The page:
UWA-101 is a phenethylamine derivative invented at the University of Western Australia and researched as a potential treatment for Parkinson’s disease. Its chemical structure is very similar to that of the illegal drug MDMA, the only difference being the replacement of the α-methyl group with an α-cyclopropyl group. MDMA has been found in animal studies and reported in unauthorised human self-experiments to be effective in the short-term relief of Parkinson’s disease symptoms, especially when used alongside conventional treatment with L-DOPA. However the illegal status of MDMA and concerns about its abuse potential, neurotoxicity and potentially dangerous side effects mean that it is unlikely to be investigated for medical use in this application, and so alternative analogues were investigated.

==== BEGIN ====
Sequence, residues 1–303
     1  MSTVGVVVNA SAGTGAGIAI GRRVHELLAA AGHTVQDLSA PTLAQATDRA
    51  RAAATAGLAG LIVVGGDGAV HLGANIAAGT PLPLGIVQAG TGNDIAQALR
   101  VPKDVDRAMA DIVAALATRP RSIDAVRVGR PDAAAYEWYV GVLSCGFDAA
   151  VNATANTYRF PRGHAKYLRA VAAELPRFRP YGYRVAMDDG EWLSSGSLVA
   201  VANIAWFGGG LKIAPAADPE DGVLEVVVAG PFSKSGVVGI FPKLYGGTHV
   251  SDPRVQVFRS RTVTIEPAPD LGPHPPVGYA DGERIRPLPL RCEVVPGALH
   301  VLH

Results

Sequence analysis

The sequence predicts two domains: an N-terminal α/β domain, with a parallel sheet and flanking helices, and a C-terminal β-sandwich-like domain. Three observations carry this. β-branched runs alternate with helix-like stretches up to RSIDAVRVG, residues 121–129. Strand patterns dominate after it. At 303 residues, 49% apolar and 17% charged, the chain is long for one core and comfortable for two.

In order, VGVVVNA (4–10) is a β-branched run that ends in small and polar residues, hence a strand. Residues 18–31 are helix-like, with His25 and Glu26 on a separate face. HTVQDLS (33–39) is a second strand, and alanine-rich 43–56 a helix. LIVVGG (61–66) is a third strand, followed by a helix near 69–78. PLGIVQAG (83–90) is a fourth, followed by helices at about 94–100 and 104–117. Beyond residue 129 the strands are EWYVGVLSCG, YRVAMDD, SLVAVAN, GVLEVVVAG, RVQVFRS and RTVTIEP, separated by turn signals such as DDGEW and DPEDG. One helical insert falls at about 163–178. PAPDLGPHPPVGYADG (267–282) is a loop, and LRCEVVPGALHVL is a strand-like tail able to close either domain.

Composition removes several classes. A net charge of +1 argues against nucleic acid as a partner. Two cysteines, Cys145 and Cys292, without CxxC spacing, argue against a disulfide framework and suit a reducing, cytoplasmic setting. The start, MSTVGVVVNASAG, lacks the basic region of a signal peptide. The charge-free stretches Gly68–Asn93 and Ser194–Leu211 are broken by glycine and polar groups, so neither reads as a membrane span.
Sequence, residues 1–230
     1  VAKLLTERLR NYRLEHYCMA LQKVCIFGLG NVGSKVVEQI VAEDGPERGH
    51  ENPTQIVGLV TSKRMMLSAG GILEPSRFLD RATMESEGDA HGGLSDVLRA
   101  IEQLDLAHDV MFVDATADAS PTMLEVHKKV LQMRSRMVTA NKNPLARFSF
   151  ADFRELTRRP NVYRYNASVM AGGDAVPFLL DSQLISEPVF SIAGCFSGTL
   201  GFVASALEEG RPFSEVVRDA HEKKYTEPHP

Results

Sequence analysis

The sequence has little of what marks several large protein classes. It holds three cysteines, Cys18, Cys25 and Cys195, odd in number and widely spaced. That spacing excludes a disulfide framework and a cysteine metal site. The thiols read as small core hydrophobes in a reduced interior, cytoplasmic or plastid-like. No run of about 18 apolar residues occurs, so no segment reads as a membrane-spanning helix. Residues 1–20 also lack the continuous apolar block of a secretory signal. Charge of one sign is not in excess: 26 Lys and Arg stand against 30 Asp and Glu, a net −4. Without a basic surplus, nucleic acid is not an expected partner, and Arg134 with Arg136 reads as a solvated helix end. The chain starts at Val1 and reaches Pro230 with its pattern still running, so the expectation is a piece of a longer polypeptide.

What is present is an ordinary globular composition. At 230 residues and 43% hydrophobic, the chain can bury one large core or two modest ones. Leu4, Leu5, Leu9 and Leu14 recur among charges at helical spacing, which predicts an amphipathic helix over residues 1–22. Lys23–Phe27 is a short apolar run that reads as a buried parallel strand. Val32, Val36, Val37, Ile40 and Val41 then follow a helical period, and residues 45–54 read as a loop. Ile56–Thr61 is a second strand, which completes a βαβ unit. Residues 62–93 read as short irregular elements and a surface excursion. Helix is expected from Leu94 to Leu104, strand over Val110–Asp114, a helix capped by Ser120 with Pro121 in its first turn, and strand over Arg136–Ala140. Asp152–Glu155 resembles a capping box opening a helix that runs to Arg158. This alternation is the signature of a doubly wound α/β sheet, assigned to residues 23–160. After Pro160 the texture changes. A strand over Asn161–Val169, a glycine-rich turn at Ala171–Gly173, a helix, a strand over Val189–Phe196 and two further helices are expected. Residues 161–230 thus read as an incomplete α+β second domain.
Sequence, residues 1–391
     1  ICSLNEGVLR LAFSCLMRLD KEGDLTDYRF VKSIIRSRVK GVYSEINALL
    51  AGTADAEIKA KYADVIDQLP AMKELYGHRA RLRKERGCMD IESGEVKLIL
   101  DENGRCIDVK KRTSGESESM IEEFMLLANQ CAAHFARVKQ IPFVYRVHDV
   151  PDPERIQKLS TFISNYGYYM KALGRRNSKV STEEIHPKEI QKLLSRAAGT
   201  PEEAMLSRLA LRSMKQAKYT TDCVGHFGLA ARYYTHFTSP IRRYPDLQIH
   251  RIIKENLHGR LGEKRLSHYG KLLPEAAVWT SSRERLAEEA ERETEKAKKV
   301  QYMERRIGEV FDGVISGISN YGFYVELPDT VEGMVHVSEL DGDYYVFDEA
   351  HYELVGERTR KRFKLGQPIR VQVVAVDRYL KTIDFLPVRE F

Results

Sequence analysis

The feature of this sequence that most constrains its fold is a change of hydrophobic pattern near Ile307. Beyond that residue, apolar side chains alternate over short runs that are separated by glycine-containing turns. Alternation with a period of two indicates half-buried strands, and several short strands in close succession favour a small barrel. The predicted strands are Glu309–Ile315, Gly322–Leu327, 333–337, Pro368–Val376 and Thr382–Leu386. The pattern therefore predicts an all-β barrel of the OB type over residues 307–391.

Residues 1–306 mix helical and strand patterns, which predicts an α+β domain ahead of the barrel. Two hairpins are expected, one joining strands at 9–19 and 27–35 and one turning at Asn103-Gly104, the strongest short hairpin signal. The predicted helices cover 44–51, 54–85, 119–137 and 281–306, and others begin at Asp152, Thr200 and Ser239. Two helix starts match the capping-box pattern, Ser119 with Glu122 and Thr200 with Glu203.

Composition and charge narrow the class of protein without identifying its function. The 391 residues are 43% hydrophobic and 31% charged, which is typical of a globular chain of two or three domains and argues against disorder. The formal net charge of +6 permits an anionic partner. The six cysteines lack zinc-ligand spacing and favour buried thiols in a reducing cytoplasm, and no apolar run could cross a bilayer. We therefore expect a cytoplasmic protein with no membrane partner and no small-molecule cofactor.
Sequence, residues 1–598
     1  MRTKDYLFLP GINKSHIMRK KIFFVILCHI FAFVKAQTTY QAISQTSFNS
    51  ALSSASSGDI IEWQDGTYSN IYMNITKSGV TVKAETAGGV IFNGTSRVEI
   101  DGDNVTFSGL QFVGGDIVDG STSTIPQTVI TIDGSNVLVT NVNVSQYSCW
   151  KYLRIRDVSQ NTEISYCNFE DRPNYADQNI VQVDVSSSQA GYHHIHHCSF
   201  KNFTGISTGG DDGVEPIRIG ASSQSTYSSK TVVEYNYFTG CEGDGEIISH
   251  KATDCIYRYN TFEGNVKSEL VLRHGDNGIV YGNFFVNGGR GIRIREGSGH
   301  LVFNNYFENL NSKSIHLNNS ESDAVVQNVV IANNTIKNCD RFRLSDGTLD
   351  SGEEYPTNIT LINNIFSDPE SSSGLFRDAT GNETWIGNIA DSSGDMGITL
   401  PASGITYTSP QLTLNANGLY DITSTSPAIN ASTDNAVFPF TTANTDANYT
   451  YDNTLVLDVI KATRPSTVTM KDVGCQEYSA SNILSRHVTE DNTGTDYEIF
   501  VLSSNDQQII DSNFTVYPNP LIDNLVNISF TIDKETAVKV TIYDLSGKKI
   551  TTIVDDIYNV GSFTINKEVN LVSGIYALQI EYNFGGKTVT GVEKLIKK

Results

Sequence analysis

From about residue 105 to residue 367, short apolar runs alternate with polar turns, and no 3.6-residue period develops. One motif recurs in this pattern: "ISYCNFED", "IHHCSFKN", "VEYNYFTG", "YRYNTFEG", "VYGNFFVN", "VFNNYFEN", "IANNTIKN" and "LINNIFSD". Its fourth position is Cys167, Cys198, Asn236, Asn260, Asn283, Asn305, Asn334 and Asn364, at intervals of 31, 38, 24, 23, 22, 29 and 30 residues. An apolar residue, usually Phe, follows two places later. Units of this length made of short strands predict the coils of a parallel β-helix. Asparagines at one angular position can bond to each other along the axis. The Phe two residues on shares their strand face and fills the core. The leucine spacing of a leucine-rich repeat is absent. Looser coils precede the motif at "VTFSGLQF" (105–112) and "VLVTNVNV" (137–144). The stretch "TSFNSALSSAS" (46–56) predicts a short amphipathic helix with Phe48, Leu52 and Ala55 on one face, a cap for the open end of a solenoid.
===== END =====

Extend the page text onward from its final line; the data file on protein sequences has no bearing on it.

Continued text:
Replacing the α-methyl with a cyclopropyl dramatically reduces affinity for the noradrenaline transporter and 5-HT2A receptor targets, while retaining high serotonin transporter affinity and markedly increasing affinity for the dopamine transporter (and as such, it is one of the few selective SDRIs or serotonin-dopamine reuptake inhibitors). This change causes UWA-101 to lack cytotoxicity and MDMA-like behavioral effects in animals, but while retaining similar or slightly improved anti-Parkinsonian effectiveness when compared to MDMA. This research was a continuation of earlier work from the same team which showed that replacing the α-methyl group of MDMA with larger aromatic ring systems produced compounds which lacked psychoactivity and neurotoxicity, but had potent anti-cancer effects against Burkitt’s lymphoma cells in vitro.